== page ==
Waterboarding among harsh interrogation suffered by terror suspects in prison once run by new CIA director

Waterboarding among harsh interrogation suffered by terror suspects in prison once run by new CIA director
Ms Haspel, the current deputy CIA director, is to replace Mike Pompeo, who is moving to become Secretary of State

Donald Trump's choice to be the first female CIA director is a career spymaster who once ran an agency prison in Thailand where terror suspects were subjected to a harsh interrogation technique.

The US president has selected Gina Haspel to replace Mike Pompeo, who is moving to become Secretary of State after the sacking of Rex Tillerson.

Ms Haspel, the current deputy CIA director, also helped carry out an order that the agency destroy its waterboarding videos.

That order prompted a lengthy Justice Department investigation that ended without charges.

Ms Haspel, who has extensive overseas experience, briefly ran a secret CIA prison where accused terrorists Abu Zubayadah and Abd al Rahim al-Nashiri were waterboarded in 2002, according to US intelligence officials.

More than a decade after waterboarding was last used, the CIA is still haunted by the legacy of a tactic that the US government regarded as torture before the Bush administration authorised its use against terrorist suspects.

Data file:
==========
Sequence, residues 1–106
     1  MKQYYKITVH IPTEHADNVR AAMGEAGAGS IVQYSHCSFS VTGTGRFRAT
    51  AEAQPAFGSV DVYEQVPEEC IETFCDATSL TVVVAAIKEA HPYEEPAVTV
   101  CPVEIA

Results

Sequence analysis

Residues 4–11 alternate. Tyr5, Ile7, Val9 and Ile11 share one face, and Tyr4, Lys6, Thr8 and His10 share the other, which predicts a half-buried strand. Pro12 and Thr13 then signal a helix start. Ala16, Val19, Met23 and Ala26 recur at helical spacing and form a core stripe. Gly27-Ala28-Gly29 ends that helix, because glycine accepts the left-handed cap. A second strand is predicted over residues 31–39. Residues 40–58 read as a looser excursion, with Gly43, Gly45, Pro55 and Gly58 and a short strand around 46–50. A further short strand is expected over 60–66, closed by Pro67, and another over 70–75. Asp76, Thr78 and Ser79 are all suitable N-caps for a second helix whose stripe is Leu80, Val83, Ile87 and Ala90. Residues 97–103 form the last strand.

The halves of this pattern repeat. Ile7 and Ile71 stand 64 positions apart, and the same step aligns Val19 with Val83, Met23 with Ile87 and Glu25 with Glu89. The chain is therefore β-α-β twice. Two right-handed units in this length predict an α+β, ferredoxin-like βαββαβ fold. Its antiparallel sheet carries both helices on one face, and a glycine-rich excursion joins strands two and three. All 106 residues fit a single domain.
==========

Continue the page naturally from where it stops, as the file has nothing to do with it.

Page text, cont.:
There is no indication that Mr Trump's choice of Ms Haspel signals a desire to restart the harsh interrogation and detention programme.

Ms Haspel, who joined the CIA in 1985, has been chief of station at CIA outposts abroad.

In Washington, she has held several senior leadership positions, including deputy director of the National Clandestine Service and deputy director of the National Clandestine Service for Foreign Intelligence and Covert Action.

When she was picked as deputy CIA director, her career was lauded by veteran intelligence officials, including former Director of National Intelligence James Clapper, who recently retired.

But it upset the American Civil Liberties Union and other rights advocates who found it unsettling that Mr Trump chose someone who was involved in the harsh interrogation programme.

"No one who had a hand in torturing individuals deserves to ever hold public office again, let alone lead an agency," Human Rights First's Raha Wala said.

"To allow someone who had a direct hand in this illegal, immoral and counterproductive programme is to willingly forget our nation's dark history with torture."

- PA

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